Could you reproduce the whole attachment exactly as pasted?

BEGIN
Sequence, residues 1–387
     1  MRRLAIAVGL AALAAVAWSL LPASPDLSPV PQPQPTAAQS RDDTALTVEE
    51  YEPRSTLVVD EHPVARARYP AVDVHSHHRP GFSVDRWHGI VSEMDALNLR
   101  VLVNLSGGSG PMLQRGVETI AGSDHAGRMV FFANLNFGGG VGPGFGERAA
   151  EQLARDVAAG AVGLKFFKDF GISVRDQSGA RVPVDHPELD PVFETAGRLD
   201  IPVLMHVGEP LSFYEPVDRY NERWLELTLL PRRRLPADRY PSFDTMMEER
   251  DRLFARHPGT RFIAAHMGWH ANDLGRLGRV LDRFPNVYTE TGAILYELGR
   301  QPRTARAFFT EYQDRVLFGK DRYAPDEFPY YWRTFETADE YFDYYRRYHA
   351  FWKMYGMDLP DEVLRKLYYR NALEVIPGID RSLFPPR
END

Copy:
Sequence, residues 1–387
     1  MRRLAIAVGL AALAAVAWSL LPASPDLSPV PQPQPTAAQS RDDTALTVEE
    51  YEPRSTLVVD EHPVARARYP AVDVHSHHRP GFSVDRWHGI VSEMDALNLR
   101  VLVNLSGGSG PMLQRGVETI AGSDHAGRMV FFANLNFGGG VGPGFGERAA
   151  EQLARDVAAG AVGLKFFKDF GISVRDQSGA RVPVDHPELD PVFETAGRLD
   201  IPVLMHVGEP LSFYEPVDRY NERWLELTLL PRRRLPADRY PSFDTMMEER
   251  DRLFARHPGT RFIAAHMGWH ANDLGRLGRV LDRFPNVYTE TGAILYELGR
   301  QPRTARAFFT EYQDRVLFGK DRYAPDEFPY YWRTFETADE YFDYYRRYHA
   351  FWKMYGMDLP DEVLRKLYYR NALEVIPGID RSLFPPR